How New York Stopped A Liquefied Natural Gas Project In Its Tracks

by: Posted on: February 09, 2016

Editor’s Note: In this piece we hear from one New York-based climate activist, Patrick Robbins, who shares with us some of his lessons learned as an activist “working toward the goal of an entirely renewable New York.”  Stay tuned for more contributions to Read the Dirt’s “Movement Commons,” where we will continue to share lessons learned by and for organizers working for a more democratic and just society. This piece originally appeared on



In November 2015, over two hundred people gathered in the coastal city of Long Beach, Long Island to watch New York Governor Andrew Cuomo formally veto the Port Ambrose project. The proposed LNG terminal would have brought giant tankers full of volatile compressed gas to the south shore of Long Island, threatening local communities while expanding markets for fracking. Cheers went up as the Governor signed his name, marking the end of a years-long battle by residents and activists to stop the project.

The Governor’s veto was more than just a stake in the heart of a profoundly risky, unnecessary project. It also helped to puncture the doubt and pessimism that infuses so much fossil fuel activism. When you’re fighting the richest and most powerful corporations in the world, it can be hard to have faith that we can win. But we can. We did. And we can do it again next time.

As a member of Sane Energy Project, I was deeply involved in the Port Ambrose campaign. We learned several key lessons, which I’m gathering here in the hope that they might be useful to others fighting the fossil fuel industry—or, maybe even more importantly, to anyone considering how to get involved, including those who find themselves in the heartbreaking position of having the fight brought to their own home.

1. Start by talking with the frontline community (and if you are the frontline community, talk with your neighbors!)

If you wake up one morning and an oil, gas, or coal company wants to build a project in your backyard, talk with your neighbors about it. Think carefully about who would be impacted by this project and engage with them from the beginning. In the case of Port Ambrose, the marine environment and the beach would have suffered, directly impacting everyone from fishermen to surfers and surf shops. From conversations with these constituents, fishermen turned up at official hearings, and surf groups were an invaluable part of the organizing effort.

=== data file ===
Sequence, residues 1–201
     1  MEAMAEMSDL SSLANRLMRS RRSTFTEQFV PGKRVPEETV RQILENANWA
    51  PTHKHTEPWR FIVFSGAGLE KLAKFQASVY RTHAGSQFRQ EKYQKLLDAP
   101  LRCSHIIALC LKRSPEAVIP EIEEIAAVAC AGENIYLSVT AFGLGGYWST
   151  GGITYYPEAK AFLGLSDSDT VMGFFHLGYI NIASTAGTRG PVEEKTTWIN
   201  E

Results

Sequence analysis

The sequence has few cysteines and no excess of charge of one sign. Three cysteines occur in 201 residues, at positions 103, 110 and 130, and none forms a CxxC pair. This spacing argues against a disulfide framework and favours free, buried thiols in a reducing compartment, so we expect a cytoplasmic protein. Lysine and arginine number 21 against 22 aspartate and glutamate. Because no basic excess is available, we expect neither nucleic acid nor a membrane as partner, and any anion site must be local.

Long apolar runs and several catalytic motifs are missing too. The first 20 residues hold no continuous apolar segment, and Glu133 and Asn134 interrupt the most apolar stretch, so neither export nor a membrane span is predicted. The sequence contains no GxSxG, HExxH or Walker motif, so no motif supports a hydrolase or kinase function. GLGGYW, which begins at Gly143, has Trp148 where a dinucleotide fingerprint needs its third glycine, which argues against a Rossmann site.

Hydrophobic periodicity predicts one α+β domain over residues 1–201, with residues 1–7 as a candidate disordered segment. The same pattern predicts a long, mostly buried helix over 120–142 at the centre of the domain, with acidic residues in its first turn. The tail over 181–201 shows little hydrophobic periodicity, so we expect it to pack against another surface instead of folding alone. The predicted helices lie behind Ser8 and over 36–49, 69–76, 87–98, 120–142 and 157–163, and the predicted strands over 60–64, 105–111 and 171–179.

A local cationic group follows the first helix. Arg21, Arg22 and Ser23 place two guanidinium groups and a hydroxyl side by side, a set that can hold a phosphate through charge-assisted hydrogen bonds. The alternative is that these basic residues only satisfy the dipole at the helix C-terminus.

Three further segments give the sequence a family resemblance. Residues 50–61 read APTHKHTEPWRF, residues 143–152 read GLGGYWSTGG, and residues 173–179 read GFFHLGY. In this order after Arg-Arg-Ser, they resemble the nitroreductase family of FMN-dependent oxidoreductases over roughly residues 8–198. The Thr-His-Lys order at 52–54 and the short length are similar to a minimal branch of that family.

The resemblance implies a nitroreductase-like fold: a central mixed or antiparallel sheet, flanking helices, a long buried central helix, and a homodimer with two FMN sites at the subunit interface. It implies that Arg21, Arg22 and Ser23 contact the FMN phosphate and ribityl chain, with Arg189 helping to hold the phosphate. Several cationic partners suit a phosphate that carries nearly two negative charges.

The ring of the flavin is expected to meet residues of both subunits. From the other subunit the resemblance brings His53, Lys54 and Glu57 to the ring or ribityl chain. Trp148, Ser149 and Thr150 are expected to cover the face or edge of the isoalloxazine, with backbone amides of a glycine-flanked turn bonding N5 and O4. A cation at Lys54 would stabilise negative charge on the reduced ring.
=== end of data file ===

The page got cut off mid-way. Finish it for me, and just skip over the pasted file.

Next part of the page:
If you aren’t a resident of the community itself, this is extra important. How can you expect to know what people care about if you don’t know what else they’re contending with? How will you know which individuals—whether it’s local politicians, community figures, or business people—you’ll need to bring on board? If we are outsiders, we have to remember that, and conduct ourselves with humility when speaking with folks who know the local landscape better than we do.

2. And then talk with everyone else

Politicians? Talk with them. Unions? Talk with them. It’s almost never a bad idea to have conversations as long as you are well-prepared and have all the facts. And don’t be afraid to meet with someone on the other side—you might be pleasantly surprised by how much common ground you discover. During the Port Ambrose fight, I personally met with a number of groups and individuals who had either publicly come out in favor of the project, or who I had reason to believe were supporters. These meetings ended up being enormously fruitful, and in some cases we found friends we didn’t know we had.

This is another reason why it’s important to begin with the frontline community—it changes the dynamic when you speak with politicians. This may sound obvious, but they tend to pay attention to the issues that their constituents care about. In a few cases, elected officials noticed the work we were doing and reached out to us, not the other way around. They ended up being absolutely invaluable allies.

3. Know the landscape of power and plan a strategy

We began our involvement in the Port Ambrose fight by asking who had power over Port Ambrose, and then what it would take for them to stop the project. In this case, it was the governors of the adjacent states—both Andrew Cuomo of New York and Chris Christie of New Jersey had the authority to veto the project under the Deepwater Port Act. From there, we asked ourselves who the Governors listened to, who has power to influence them, and what the source of that power is. This process is sometimes called “power mapping”—there are different terms and schools of thought on how to do it. I recommend checking out the Midwest Academy and the work of the ruckus society as you start thinking these things through.